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Student wins national poetry contest

Photo by Curt Yeomans
M.D. Roberts Middle School sixth-grader Darrielle McCray recently won a national poetry competition, hosted by the National John Steinbeck Center, for her poem, entitled "Mom."

Photo by Curt Yeomans M.D. Roberts Middle School sixth-grader Darrielle McCray recently won a national poetry competition, hosted by the National John Steinbeck Center, for her poem, entitled "Mom."

By Curt Yeomans

cyeomans@news-daily.com

Every Mother's Day for the last 10 years, it has been difficult for Shondell McCray to cope, since her mother, Gwendolyn Baggs, died of cancer.

The day reminds her of the mother she lost, she said, but this year was a little different because of her daughter, Darrielle McCray, 11, a sixth-grader at M.D. Roberts Middle School. The youngster entered a poem she wrote about her mother in a Mother's Day-themed national poetry competition -- and won.

Darrielle McCray won a poetry competition hosted by the California-based National John Steinbeck Center. Her poem was simply entitled, "Mom."

In it, the youngster is directly addressing her mother, and telling her how she has given her strength and inspiration.

"I was touched when I read that poem," said Shondell McCray, who is a language arts teacher at Mundy's Mill Middle School. "I just look at her, and she has all this energy. She just does everything, and then, to find out that I'm the source of that energy -- I had no idea! I thought I was getting my energy from her. When I read that poem, it just really made me tear up."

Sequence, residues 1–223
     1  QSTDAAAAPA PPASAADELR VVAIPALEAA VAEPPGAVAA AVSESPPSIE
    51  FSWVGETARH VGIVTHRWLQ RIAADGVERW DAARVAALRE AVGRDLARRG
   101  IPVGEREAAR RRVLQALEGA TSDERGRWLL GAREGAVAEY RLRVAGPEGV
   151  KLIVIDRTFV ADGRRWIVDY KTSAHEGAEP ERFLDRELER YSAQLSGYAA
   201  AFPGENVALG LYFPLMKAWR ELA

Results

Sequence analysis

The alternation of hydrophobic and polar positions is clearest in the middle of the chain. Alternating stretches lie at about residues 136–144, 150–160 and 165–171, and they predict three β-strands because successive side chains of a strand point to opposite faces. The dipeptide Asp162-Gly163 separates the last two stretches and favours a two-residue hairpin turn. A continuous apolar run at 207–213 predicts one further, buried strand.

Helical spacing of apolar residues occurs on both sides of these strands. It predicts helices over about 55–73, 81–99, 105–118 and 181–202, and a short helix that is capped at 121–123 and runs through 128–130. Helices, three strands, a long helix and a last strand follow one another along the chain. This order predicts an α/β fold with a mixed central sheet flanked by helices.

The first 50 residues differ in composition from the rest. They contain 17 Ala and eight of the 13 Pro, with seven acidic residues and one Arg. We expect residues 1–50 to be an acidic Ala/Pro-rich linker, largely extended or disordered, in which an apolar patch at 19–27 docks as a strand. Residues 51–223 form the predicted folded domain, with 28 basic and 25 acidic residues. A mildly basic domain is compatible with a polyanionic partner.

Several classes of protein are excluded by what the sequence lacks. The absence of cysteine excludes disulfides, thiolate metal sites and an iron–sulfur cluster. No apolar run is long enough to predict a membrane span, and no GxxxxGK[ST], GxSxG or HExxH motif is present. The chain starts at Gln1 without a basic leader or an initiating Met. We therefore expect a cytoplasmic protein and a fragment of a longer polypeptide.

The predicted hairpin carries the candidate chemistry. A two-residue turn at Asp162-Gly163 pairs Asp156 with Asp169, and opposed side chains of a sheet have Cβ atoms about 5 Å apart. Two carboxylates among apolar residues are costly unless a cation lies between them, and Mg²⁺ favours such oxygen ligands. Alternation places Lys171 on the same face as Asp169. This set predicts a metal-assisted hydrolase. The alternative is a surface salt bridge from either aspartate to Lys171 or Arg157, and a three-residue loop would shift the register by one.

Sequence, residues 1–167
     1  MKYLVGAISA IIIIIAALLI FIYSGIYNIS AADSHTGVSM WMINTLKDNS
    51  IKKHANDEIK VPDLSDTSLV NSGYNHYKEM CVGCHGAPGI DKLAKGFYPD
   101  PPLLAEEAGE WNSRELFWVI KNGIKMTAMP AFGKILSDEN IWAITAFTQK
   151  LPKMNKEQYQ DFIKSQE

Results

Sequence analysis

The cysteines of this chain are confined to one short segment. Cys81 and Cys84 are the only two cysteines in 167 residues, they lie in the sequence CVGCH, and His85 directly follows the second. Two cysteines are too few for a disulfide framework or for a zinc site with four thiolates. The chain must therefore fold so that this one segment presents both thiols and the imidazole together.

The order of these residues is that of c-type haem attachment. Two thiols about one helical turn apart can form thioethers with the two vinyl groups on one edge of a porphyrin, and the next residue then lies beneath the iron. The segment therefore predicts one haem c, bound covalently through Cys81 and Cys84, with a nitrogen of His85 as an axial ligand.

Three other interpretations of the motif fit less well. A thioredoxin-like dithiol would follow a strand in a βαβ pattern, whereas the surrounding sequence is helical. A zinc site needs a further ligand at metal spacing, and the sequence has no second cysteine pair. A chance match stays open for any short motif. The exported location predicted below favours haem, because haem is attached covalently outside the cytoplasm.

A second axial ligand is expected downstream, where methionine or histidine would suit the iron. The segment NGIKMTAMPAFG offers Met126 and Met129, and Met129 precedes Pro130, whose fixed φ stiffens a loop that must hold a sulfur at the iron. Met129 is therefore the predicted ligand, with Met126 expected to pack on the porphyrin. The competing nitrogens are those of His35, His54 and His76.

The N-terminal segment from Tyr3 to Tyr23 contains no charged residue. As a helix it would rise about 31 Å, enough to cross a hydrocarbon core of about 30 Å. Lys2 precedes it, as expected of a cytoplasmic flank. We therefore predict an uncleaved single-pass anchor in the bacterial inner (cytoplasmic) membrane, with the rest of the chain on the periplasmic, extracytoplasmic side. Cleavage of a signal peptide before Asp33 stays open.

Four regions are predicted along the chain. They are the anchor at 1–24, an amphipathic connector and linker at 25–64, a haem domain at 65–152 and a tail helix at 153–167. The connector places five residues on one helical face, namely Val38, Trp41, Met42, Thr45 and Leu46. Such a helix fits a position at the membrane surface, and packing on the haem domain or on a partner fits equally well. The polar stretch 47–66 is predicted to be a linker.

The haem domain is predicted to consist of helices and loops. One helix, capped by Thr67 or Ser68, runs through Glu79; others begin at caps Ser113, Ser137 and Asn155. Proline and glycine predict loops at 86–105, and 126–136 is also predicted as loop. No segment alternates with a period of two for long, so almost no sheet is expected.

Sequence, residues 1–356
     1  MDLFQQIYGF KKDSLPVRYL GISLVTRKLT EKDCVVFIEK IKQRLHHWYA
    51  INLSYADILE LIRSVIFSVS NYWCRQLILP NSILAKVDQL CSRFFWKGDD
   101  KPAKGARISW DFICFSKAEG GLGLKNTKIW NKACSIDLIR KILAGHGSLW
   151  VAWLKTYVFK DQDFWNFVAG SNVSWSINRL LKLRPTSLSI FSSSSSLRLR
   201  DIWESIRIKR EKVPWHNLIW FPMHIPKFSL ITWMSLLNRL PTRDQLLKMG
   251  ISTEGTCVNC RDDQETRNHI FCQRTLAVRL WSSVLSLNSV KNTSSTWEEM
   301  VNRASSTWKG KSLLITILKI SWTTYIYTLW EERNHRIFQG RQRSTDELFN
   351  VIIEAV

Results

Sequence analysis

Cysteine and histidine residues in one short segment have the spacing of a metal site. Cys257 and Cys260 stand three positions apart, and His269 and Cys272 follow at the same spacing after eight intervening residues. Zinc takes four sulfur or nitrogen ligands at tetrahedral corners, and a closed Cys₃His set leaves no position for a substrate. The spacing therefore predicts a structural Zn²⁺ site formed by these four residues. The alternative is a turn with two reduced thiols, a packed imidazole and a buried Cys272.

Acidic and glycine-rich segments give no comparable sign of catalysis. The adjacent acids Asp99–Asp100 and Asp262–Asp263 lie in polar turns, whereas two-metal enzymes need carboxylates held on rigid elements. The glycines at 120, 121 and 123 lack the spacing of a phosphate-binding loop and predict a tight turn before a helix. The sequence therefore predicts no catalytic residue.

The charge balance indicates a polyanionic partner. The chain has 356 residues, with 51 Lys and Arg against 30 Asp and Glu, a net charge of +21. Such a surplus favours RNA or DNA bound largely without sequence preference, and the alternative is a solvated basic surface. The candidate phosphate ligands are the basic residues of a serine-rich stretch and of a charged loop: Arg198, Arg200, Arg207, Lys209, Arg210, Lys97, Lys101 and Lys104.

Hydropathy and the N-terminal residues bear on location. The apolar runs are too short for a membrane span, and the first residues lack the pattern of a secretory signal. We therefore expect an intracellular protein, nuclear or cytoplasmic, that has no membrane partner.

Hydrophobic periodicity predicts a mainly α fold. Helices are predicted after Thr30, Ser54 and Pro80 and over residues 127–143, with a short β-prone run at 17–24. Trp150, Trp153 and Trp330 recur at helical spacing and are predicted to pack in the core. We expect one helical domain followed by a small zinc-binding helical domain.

For Darrielle McCray's prize, she got to take her mother to any restaurant in the Atlanta area, for a brunch on Mother's Day. They went to Copeland's Restaurant, in Atlanta, near Cumberland Mall, her mother said. The young poet said this past Sunday was not the only time to celebrate her mother. She said everyday of the year is Mother's Day in her mind. She said her mother helps her with her homework, when she needs it, and has taught her several things, ranging from how to ride a bike, and how to swim, to how to wash dishes, and do the laundry.

"She's just a burst of energy in my life," the youngster said. "She's always there for me. She's just like the ultimate mom," Darrielle McCray said.

In the poem, she wrote:

"Calm, yet strong.

"The countless ways you show your love

"Touches me tenderly in the soul

"My strength and spirit with

"love like a rush of life

"a dependable source of comfort

"grasps me when I fall.

"I love you so much and I am proud to call you mom,"

The youth said she was ecstatic -- albeit groggy -- when she learned, from her mother, of all people, that she had won the poetry competition in mid-April.

"I was in bed at the time," Darrielle McCray said. "My mom had [awakened] me ... to tell me I won. But, after I saw it online, I was really excited. I couldn't get back to sleep."

Shondell McCray had actually been the person who told her daughter about the competition, after she received word about it as something for her own students to enter. She said she did not see the poem, however, until after it was posted on the John Steinbeck Center's web site.

Writing poetry is nothing new for Darrielle McCray. She started to learn about poetry when she was 10, but she really learned about the ins and outs of writing a poem this year, under the tutelage of her language arts teacher, Vicki Faulkner. The teacher has her students write at least a couple poems each week, the younger McCray said. The youth said she wants to grow up to be a professional poet someday.

"I prefer poetry, over normal writing, because ordinary writing is boring," Darrielle McCray said. "It is just writing what you know, but with poetry, you're writing what you feel."